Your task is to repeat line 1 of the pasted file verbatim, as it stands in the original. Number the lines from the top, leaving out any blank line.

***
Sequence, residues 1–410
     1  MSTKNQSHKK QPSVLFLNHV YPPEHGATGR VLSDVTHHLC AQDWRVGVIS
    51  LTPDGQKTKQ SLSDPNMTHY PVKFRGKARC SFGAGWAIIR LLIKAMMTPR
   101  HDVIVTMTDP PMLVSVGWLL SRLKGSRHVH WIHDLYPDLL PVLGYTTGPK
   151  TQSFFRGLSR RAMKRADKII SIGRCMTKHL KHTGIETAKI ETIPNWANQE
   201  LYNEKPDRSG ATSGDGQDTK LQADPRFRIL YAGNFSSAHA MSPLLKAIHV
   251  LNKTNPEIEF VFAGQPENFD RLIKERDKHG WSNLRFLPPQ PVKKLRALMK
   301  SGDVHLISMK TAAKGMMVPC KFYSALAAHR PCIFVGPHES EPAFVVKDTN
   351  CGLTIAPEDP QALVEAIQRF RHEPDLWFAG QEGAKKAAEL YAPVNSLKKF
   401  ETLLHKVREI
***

Sequence, residues 1–410